1084 N MILWAUKEE, CHICAGO

MOST OF THE SOULS…

MOST OF THE SOULS THAT LIVE HERE
Recent Hungarian Narrative

The Nightingale, 1084 N. Milwaukee
Saturday, July 29, 8 pm, $7-10

The renowned anarchist Count Ervin Batthyany reappears 100 years after his death. He tries to put his theories into practice again, as he realises that the world has not turned out as he’d expected. But the ideal of freedom and equality awakens the same fears in the choreographers of power as it did 100 years ago. And after an encouraging start the count and his new friends come up against more and more obstacles.

Programs Details:
MOST OF THE SOULS THAT LIVE HERE
Directed by: Igor Buharov, Ivan Buharov
Duration: 1h: 33m
Year: 2016

It has been more than 19 years that I have been working together, under the pseudonym of Igor and Ivan Buharov. We have been producing and directing several films. (experimentals, features, shorts, documentaries, animations) We have also been involved in the creation of several music projects and film music. Our works always dancing on the edge of fine art and cinematic art. In 1995, together with Vasile Croat and István Nyolczas, we have formed the 40 Labor “Multiartist” Group which made performances, events, actions, exhibitions, concerts, multimedia works. We held surrealistic audiovisual performances where the image, the music and the words became an organic whole after chaos. “A generation earlier, the Hungarian underground masters who influenced them were equally overlooked. There is an air of “self­censorship” about the Buharovs; in times of entrepreneurial globe­trotting art, they reflect an era when artists used film with the hope of reaching wide and nourishing the roots of their own culture. “ Vassily Bourikas “This audiovisual experiment can best be described as getting lost in someone else’s dream. The directors Igor and Ivan Buharov invite us to see the insides of their brains through various amusing and absurd story­lines.” Off­screen film festival Brussel In the beginning we have started by using used expired raw material exploiting the organising element of the unintentional. For our films, we mainly use super 8 footage, then we blow it up to 35 mm for distribution use. We are also composing music for the soundtrack of our films. We formed the Pop Ivan band in Budapest in 1998. Our music is characterised by a certain permeability between styles and atmospheres : one can discover in their works archaic Moldvan melodies, Latin rhythms, elements of the modern free­jazz and of contemporary compositions. At our performances we frequently use visual effects : the audience can watch super 8 or/and 16 mm films parallel to listening to the music of Pop Ivan. Our debut album was released in 2001 entitled Hospital Hungary, the second was was Dreamhunting in 2009. Since 2000 we have been giving concerts in Europe, have played in Belgium, France, Slovenia, Croatia, Austria the Czech Republic, Italy, Russia, and Georgia.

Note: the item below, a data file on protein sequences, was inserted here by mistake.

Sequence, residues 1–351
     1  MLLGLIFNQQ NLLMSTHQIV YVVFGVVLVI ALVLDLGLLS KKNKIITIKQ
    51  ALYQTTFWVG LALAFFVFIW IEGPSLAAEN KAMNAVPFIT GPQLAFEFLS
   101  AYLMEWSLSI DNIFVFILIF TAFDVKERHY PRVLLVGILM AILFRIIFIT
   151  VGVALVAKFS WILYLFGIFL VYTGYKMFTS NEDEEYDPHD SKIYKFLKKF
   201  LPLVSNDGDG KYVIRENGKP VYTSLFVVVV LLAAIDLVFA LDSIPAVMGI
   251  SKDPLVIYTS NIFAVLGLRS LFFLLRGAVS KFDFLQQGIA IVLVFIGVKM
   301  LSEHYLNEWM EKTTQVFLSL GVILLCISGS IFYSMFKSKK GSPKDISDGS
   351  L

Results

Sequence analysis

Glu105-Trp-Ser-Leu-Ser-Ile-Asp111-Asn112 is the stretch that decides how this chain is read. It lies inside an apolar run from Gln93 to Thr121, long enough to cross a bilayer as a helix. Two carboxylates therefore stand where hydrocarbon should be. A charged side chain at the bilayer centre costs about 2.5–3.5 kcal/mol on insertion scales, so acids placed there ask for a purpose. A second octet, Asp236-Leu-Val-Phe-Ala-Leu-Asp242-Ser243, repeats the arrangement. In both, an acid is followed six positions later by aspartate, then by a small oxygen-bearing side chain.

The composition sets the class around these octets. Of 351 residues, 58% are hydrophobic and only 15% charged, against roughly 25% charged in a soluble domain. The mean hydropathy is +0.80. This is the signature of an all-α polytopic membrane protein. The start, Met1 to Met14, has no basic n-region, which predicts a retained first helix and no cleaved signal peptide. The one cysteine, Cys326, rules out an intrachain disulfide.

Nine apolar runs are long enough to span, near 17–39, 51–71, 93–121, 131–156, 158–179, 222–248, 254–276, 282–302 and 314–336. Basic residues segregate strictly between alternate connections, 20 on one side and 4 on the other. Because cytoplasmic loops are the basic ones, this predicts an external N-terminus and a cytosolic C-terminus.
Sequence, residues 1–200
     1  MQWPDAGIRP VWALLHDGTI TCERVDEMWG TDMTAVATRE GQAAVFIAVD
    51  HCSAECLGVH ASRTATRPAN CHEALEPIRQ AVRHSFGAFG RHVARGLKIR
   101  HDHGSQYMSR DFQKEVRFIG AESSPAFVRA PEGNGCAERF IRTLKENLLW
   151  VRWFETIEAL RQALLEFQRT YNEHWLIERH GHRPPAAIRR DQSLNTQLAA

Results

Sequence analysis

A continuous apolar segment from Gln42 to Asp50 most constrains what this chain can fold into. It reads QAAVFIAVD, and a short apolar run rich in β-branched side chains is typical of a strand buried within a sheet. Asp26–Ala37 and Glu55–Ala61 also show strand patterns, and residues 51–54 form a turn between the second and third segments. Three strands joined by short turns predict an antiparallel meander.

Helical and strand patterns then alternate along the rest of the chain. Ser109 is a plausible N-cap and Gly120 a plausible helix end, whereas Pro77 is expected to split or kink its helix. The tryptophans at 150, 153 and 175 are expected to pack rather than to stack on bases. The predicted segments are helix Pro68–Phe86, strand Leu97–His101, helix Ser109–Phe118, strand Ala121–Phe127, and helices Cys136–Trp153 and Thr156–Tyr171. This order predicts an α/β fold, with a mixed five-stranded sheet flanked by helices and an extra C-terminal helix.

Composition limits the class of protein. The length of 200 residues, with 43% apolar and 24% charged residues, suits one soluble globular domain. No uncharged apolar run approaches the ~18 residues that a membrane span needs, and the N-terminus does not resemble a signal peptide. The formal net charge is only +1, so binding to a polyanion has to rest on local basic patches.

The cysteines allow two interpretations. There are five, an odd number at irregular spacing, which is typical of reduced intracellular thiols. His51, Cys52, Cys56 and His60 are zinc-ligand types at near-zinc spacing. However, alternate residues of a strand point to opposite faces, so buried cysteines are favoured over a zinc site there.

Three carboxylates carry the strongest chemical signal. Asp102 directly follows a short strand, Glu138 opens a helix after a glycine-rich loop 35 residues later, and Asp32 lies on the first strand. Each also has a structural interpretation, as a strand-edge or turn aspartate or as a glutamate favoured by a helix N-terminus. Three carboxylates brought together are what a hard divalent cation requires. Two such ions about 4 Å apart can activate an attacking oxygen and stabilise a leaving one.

ABOUT THE ARTISTS:
Igor Buharov ​(Kornél Szilágyi ) 1971 Education 2004 – 2010 Intermedia Department, Hungarian Academy of Fine Arts, Budapest 1990 – 1992 Chef, Rózsa Károly Technical School for Catering Activities 2007 – 2010 Board Member of Studio of Young Artists Association 1999 – Feature Film Directors Association member, part of the Hungarian Moving Picture Foundation 1997 – 2000 Board Member, Hungarian Independent Film and Video Association

Ivan Buharov​(Nándor Hevesi)1974 Education 1993 – 1997 Teacher of visual culture BA, EKTF Eger 2006 – 2007 Dharma Gate Buddhist University Budapest 2009 – 2010 Teacher of visual culture MA, EKTF Eger Activities 2001 – Member of the Studio of Young Artists Association 1999 – Feature Film Directors Association member, part of the Hungarian Moving Picture Foundation 1997 – 2000 Board Member, Hungarian Independent Film and Video Association

Screening with Zsuzsanna Szegedi’s shorts CRISIS OF THE FREE SPIRIT and CRISES OF THE VISIBLE.

Zsuzsanna is a recent MFA graduate at the School of the Art Institute of Chicago. (I actually graduate the next day; but close enough) Her installation “The film I brought back from Hungary” is currently on view at the Sullivan Galleries. Zsuzsanna’s shorts being presented at Nightingale capture abstractions of language, autonomy, and their absence—the absence of the individual voice. These pieces are part of a bigger series exploring the limitations, imprisonment of incomprehension, voicelessness, while using appropriated voices, texts, interviews as medium.



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